World’s Densest Cities Has Gone Green “Singapore” Symbol of Singapore and its efforts to promote green space, these “Supertrees” belong to a display at the 250-acre Gardens by the Bay , The high-tech structures range from 80 to 160 feet and collect solar energy to power a nightly light show. They have a softer side too: their trunks are vertical gardens, laced with more than 150,000 living plant Singapore calls itself the Garden City, and it’s making good on that promise. Singapore’s meteoric economic rise launched a landscape of towering architecture in the compact city-state, but as the metropolis continues to grow, urban planners are weaving nature throughout—and even into its heights. New developments must include plant life, in the form of green roofs, cascading vertical gardens, and verdant walls.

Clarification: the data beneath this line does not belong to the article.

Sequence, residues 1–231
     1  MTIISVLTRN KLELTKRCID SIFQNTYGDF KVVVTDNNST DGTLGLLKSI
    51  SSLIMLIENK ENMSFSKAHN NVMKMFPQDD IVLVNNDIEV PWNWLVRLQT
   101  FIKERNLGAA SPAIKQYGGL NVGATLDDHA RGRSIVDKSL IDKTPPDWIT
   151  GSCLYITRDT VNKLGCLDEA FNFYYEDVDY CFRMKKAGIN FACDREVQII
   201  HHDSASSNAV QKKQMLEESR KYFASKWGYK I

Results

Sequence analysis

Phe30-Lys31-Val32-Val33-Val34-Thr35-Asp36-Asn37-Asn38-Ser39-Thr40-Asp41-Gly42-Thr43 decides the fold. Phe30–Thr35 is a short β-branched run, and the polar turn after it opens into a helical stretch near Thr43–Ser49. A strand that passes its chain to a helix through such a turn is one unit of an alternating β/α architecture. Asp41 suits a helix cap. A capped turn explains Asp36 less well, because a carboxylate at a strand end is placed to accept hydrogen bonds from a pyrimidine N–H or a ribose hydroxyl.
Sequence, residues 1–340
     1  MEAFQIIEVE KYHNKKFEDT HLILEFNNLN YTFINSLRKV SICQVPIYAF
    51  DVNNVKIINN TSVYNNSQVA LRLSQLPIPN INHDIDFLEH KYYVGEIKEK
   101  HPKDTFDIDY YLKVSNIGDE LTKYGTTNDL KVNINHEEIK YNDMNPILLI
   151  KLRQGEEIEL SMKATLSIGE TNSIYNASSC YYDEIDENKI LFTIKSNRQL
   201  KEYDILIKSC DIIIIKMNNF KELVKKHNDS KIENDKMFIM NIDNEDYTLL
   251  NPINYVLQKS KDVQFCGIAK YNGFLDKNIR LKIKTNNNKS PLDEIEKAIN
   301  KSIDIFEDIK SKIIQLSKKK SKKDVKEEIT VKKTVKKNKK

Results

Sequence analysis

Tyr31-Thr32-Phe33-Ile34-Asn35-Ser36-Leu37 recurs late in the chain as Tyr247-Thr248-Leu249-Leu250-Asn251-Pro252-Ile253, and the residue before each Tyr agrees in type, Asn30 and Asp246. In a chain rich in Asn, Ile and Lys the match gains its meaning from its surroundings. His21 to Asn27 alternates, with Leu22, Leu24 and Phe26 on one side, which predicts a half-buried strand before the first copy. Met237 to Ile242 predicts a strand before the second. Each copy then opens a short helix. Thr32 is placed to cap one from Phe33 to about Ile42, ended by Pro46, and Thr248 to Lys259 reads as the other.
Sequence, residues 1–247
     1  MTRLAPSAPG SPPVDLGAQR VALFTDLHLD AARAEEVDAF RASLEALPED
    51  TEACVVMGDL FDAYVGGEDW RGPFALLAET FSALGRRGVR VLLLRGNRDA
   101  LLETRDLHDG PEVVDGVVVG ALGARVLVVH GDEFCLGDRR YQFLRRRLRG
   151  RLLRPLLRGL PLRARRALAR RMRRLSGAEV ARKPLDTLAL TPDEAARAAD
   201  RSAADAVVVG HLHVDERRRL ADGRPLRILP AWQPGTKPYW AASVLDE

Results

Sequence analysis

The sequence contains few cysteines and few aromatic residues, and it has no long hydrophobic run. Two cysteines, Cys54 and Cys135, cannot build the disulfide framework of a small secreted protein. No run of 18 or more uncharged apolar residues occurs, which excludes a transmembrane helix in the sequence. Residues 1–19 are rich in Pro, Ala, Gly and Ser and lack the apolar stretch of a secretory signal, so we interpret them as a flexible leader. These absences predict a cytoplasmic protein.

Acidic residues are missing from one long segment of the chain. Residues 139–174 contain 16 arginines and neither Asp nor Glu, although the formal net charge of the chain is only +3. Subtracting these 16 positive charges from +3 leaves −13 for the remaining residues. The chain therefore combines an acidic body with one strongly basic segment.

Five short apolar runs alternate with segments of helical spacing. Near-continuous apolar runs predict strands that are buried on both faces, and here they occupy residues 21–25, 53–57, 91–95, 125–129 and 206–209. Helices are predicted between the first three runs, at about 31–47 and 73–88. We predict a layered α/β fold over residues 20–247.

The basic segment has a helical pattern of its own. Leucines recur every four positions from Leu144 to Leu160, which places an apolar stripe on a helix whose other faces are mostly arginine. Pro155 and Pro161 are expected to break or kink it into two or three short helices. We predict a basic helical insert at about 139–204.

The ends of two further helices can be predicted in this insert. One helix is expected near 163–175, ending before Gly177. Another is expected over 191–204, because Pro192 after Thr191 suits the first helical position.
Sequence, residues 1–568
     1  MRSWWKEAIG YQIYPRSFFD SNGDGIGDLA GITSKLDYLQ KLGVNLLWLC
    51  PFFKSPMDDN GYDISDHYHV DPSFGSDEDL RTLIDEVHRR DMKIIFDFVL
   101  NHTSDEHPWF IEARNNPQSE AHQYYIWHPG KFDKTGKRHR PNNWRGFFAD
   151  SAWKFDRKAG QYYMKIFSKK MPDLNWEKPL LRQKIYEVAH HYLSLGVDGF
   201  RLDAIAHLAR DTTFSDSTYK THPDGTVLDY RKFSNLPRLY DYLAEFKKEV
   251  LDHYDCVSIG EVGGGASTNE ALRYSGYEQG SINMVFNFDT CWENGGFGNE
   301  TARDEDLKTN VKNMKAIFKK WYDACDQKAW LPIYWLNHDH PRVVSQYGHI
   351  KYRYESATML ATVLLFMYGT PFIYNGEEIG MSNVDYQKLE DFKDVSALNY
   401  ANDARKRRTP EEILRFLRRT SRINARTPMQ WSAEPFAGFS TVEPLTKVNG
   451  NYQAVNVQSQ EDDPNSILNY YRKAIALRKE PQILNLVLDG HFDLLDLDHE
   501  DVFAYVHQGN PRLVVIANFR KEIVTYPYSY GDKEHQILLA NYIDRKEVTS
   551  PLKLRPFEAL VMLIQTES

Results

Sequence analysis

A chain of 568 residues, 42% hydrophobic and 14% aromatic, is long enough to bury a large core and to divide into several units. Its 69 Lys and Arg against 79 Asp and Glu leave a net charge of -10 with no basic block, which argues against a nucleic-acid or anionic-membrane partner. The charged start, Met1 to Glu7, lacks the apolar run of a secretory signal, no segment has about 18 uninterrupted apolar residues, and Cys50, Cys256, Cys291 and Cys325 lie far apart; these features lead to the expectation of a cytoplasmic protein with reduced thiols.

The push to go green extends to construction as well—green building has been mandatory since 2008.
Much of that vision to keep Singapore both sustainable and livable stems from Cheong Koon Hean, the first woman to lead Singapore’s urban development agency. The veteran architect and urban planner is credited with reshaping the skyline through landmark projects such as the waterfront residential and entertainment quarter Marina Bay—whose gardens are one of the city’s top draws—and the Jurong Lake District, slated to be a second business district and home to a new high-speed rail link to neighboring Malaysia.